As many have already found out the hard way, the cost of a college education is rising rapidly every single year. Today, the cost of attending a major university runs well into the thousands (at the least) per semester for tuition. When living expenses and miscellaneous items like computers, textbooks, and school supplies are thrown in, the cost of college becomes almost prohibitively high. Fortunately, there are a number of avenues a student can take to help pay for all these expenses in the short term. Those who've exhausted scholarship and grant opportunities often find that paying for their education with a student loan is the best choice.
The concept behind student loans is pretty self explanatory. Current and prospective college students turn to a number of institutions - from for-profit companies to the government - to help finance their education. These loans typically have relatively favorable interest rates and terms, and repayment can begin while still in school or after graduation.
For most students, the first place to look for a student loan is to the Federal Government. Their student loan program offers some distinct advantages that others do not. For instance, a so-called "subsidized" student loan does not accrue any interest for the length of time the student spends in college. To find out if you qualify to receive this financial aid, you'll need to file a Free Application for Federal Student Aid, or FAFSA form. Based on this, eligibility will be determined by the government's lending agency. For many, a cap will be set on the amount that can be borrowed per year. If it's not enough, the student may then look to unsubsidized government loans. In either case, repayment can be deferred to up to six months after graduation.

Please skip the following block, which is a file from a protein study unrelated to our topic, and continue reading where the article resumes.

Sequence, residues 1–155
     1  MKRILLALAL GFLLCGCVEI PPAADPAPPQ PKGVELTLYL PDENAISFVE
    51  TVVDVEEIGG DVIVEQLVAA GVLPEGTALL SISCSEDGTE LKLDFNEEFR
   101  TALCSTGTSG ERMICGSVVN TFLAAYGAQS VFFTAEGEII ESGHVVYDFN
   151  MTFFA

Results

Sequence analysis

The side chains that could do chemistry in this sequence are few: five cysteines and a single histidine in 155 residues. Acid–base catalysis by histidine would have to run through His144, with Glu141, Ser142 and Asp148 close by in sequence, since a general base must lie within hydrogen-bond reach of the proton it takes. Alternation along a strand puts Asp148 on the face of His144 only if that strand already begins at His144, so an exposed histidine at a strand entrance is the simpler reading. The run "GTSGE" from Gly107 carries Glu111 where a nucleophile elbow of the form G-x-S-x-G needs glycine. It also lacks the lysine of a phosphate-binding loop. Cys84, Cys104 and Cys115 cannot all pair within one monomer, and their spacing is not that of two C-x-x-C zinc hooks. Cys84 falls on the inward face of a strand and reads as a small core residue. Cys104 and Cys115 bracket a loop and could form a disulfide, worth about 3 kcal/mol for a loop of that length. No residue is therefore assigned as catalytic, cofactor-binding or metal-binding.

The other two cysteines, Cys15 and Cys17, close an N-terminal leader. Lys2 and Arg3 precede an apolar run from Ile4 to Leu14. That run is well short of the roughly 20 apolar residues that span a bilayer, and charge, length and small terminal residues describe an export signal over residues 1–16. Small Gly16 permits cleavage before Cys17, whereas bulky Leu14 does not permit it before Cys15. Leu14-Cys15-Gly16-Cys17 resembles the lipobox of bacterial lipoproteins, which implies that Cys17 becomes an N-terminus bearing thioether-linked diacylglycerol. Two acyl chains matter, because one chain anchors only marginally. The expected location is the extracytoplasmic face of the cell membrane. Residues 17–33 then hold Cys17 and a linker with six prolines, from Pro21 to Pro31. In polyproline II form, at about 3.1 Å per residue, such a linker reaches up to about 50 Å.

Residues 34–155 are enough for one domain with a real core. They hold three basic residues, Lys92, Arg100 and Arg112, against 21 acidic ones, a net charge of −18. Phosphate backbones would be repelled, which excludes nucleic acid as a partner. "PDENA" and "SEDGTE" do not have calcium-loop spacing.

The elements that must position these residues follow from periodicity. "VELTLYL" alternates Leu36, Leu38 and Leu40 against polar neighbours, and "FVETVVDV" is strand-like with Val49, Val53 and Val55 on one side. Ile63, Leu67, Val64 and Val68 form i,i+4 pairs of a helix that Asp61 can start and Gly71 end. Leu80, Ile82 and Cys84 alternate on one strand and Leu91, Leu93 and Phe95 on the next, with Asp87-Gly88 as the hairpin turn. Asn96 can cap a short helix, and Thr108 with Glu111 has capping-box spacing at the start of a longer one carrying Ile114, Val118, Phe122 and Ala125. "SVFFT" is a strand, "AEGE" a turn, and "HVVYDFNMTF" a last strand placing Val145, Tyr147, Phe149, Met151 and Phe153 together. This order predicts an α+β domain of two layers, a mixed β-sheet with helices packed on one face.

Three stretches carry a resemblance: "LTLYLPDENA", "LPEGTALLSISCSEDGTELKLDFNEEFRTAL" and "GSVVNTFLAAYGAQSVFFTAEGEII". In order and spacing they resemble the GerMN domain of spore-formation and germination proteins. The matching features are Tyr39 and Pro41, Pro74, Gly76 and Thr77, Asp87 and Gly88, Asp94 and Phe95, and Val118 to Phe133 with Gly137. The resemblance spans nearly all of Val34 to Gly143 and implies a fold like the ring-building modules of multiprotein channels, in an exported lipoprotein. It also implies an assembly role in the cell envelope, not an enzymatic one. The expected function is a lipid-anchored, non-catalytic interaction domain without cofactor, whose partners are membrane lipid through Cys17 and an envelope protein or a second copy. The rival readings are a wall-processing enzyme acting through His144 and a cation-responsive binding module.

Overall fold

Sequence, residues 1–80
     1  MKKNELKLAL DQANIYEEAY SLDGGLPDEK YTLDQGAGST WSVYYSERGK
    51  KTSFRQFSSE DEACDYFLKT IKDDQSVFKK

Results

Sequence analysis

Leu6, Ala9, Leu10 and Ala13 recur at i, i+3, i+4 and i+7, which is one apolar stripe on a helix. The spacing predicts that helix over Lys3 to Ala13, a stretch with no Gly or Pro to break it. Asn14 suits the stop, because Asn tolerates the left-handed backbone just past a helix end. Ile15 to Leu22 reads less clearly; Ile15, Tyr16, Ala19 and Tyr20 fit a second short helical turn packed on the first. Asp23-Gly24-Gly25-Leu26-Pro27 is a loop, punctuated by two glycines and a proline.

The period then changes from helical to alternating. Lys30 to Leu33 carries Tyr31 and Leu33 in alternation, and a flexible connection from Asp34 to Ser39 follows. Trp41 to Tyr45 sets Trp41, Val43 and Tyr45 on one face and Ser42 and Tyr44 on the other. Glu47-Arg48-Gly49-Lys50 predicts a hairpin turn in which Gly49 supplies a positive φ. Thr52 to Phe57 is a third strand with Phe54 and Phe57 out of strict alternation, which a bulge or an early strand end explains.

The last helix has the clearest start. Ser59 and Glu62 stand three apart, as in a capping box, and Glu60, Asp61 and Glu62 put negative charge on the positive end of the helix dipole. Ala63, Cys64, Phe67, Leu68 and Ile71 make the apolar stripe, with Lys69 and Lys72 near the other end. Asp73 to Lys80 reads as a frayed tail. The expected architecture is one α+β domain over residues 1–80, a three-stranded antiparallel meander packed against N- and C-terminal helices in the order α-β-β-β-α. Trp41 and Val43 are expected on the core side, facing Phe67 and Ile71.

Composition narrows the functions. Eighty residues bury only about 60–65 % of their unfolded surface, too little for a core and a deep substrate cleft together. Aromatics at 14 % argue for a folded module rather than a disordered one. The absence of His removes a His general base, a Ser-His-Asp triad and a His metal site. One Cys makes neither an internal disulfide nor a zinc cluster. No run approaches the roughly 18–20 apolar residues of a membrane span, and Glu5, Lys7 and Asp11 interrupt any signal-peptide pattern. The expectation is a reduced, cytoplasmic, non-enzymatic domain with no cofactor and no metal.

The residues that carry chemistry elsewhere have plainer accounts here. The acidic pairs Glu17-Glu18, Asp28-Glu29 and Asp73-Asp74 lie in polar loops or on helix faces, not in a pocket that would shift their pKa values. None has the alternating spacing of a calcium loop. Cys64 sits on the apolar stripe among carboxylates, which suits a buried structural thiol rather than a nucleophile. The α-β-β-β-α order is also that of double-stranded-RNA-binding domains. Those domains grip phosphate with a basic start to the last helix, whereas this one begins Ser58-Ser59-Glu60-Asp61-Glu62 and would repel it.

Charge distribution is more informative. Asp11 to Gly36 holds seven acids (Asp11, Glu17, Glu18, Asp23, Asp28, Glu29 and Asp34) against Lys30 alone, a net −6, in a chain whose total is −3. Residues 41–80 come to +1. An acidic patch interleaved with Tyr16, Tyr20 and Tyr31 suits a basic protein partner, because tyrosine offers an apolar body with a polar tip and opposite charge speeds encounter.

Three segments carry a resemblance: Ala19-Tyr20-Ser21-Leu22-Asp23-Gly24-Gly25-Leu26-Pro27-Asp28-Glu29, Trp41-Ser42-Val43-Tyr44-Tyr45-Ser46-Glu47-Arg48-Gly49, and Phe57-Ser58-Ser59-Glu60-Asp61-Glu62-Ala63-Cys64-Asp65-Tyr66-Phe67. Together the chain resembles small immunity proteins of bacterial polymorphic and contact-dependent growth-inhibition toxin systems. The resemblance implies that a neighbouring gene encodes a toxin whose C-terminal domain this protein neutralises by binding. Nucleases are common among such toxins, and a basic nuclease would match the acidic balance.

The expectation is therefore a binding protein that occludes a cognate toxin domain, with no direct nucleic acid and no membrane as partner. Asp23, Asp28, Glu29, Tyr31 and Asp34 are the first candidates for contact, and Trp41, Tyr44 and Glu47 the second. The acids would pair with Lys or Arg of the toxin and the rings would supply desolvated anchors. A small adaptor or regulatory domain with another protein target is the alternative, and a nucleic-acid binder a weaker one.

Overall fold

When Federal student loans aren't enough to cover the cost of education, students have a third avenue: private financial institutions. Most branches of national banks offer loans specifically designed for education financing. Though interest rates tend to be higher and the terms are generally more strict, most allow students to borrow up to the total cost of their education. Consequently, any qualified borrower who values their education enough to accrue large amounts of debt can find a way to attend college, no matter what their immediate financial situation is.